But unfortunately the rules of caricature spell out very clearly that the angle you choose is part of your statement about your subject's face and in no way arbitrary. So, if there's more important stuff, that is, if there's more interesting stuff, that is, if there's more unusual stuff, that is, if there's more risky stuff down below, but you take the up-top angle, that means your a ninny. And Joe's no ninny, is what I'm saying.

 6. Eyes Out in Front

One cool thing about caricatures is you can think you know faces and then you see a drawing exaggerating some dimension that you didn't know existed and then every face you see after that has to answer to that new dimension. 
It's like, imagine the first person who drew an eyeball. Before that, all the experts were portraying human beings as just stick figures with blank heads and punching their time card and going home to read the paper, and then some know-it-all wet-behind-the-ears rookie draws a person with an eyeball, and then all these union guys were like "well that's one more thing I gotta think about," and then after a month of griping and union meetings the kid draws a person with two eyeballs just on a whim before his lunch break, and this old timer passes by the kid's desk while he's gone, and he glances down without thinking too much and then..

Here's some examples of eyes up in front. I did an eyes up in front only a couple months ago on my drawing of Bill Burr, but he definitely has eyes up in front...but here's more examples of other artists doing it, plus one more from myself.

5. Philtrum volume

Most people don't know that the "she don't have a mustache" joke was actually not a joke at all but rather just a normal father's reaction to a caricature artist trying to indicate that space between the nose and the mouth without the proper know-how.

This is how it's done right here. It's got to be puffy. A nice puffy philtrum is the only reason you need to not draw the smile.

Mom: Smile honey! Can you draw her smile?

Artist: No, ma'am, but wait till you see this puffy philtrum!

I use to ride the middle ground a lot, have some teeth showing, but get a little philtrum in there too.

4. No Names, No Hearts, No Song and Dance
Mom: I have prosopagnosia, and don't call me Shirley. 

The job of the artist is to make something awesome. If they are unable to make something awesome, which is their job, the other alternative is to be cooperative and friendly which has an awesomeness to it as well, like when the restaurant makes a mistake with your order so then they bring you a free pizza and you say "AWESOME!"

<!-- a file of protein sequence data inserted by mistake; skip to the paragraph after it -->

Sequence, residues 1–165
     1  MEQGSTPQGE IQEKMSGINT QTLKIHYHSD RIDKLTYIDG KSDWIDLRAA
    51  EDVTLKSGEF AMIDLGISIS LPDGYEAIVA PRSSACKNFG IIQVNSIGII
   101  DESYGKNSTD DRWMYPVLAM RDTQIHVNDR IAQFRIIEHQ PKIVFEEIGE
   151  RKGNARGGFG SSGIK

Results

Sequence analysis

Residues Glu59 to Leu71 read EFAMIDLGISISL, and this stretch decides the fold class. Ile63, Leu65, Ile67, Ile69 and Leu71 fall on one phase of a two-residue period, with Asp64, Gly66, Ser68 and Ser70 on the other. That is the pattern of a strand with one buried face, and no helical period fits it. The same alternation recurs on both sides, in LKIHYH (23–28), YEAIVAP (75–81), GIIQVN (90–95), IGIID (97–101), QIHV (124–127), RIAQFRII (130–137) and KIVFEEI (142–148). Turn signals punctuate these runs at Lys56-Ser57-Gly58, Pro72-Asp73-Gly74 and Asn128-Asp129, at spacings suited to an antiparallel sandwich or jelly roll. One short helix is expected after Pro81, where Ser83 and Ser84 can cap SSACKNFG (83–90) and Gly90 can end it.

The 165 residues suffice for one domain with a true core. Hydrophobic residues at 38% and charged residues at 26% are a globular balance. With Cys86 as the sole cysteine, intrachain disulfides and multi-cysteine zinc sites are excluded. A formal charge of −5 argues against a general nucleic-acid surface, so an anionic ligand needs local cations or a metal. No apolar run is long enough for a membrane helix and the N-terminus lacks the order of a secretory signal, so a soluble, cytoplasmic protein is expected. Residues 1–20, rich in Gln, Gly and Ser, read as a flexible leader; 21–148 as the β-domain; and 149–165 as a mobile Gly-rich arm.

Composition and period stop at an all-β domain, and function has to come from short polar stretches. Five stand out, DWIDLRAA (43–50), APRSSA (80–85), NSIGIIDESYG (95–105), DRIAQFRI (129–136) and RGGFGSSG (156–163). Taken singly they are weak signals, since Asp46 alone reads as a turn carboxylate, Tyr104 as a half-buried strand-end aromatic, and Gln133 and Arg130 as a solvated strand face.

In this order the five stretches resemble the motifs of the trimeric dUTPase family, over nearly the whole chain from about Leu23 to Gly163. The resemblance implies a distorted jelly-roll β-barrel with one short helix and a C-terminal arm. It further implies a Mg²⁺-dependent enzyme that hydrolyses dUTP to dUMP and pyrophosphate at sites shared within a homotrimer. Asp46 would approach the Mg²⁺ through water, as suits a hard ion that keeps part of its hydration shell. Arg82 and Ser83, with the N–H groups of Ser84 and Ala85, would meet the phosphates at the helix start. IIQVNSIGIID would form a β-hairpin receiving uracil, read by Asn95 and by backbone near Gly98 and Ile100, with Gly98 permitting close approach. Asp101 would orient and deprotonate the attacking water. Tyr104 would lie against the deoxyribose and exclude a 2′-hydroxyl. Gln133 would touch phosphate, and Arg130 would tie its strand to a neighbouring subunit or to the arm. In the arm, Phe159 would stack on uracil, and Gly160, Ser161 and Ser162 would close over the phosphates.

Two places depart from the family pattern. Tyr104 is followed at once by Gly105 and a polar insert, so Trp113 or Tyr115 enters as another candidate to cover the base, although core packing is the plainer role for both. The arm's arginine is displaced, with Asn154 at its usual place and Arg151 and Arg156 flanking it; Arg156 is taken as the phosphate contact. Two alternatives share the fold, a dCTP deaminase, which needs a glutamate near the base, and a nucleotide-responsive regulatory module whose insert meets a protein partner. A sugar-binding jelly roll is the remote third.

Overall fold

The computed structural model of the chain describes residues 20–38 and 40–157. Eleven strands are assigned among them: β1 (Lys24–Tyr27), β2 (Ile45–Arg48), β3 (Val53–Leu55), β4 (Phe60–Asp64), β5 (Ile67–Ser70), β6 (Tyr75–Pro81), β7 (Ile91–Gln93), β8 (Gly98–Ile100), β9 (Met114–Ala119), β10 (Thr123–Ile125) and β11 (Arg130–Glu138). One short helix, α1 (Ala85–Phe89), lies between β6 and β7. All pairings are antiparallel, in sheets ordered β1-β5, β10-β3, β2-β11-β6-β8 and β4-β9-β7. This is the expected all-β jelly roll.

3. 3/4

Yeah. I'm giving Joe credit for 3/4. I don't know. Why not?

2. Natural Lighting

 I almost put natural lighting as Joe's number one influence on live caricature. This is a big one. It's one of the most noticeably different things he does, and it is a major part of every single sketch. And even people who don't dive in full force and use a brown color stick when coloring white people will still put a little black shadow in the teeth and eyes because of Joe.

Nothin better than some natural lighting. They train us to use an imaginary light source which is a great way to create a sense of volume lickity split, but everything ends up looking a little balloony. People who do studio life drawing know that if you stay faithful to the light source and if you are patient and pure of heart, in time, volume will manifest itself.  Joe however uses natural lighting to build volume, and skin looks like skin and hair looks like hair. It's really very incredible. Part of me wishes he still worked at a theme park, you know. Somewhere, deep down, another time..

1. Undersketching


 It's weird. The most easily quantifiable difference between Asian live caricatures and American live caricatures is, I do believe, the undersketching. I may change my mind about this, but this is just what I'm thinking now. Here in Korea, the business side of the force encourages undersketching, and in America the business side discourages it. I'm not sure why the difference, but I really think that's true.

In America the word Joe Bluhm is synonymous with undersketching. The boss will say to some rookie, "No undersketching!" and the rookie will say "but Joe Bluhm does it." and then the boss will say, "but he's Joe Bluhm, and he's amazing, and you're not amazing." Wise words indeed.

In conclusion, Joe Bluhm has been influential to many caricature artists. These are just my opinions and guesses. I don't know too much about live caricature history, but there's not much literature out there so it's mostly hearsay I think.

Thanks for coming to my blog.